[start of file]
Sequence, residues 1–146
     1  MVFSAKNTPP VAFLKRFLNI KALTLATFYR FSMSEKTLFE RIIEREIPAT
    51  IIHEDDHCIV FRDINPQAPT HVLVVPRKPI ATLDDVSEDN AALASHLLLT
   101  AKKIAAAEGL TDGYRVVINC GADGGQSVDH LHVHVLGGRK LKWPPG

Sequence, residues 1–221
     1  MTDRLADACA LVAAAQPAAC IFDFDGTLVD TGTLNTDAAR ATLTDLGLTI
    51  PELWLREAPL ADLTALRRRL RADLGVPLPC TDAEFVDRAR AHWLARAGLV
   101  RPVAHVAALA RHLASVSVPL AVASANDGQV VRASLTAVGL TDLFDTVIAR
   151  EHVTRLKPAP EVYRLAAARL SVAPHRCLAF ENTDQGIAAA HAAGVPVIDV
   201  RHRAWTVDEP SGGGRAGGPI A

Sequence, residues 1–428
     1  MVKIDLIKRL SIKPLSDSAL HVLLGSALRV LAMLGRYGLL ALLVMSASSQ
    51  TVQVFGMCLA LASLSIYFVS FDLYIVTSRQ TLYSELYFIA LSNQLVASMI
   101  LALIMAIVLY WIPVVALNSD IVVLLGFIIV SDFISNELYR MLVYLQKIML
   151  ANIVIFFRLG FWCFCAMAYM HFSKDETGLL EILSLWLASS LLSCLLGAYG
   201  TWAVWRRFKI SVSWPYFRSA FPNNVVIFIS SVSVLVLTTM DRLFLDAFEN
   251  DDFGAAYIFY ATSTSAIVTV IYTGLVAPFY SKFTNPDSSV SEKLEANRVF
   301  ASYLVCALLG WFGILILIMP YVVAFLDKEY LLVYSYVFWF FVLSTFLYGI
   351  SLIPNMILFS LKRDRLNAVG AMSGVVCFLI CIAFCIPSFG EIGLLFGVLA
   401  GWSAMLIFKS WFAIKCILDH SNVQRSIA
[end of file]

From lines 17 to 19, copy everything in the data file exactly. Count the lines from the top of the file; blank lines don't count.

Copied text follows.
   251  DDFGAAYIFY ATSTSAIVTV IYTGLVAPFY SKFTNPDSSV SEKLEANRVF
   301  ASYLVCALLG WFGILILIMP YVVAFLDKEY LLVYSYVFWF FVLSTFLYGI
   351  SLIPNMILFS LKRDRLNAVG AMSGVVCFLI CIAFCIPSFG EIGLLFGVLA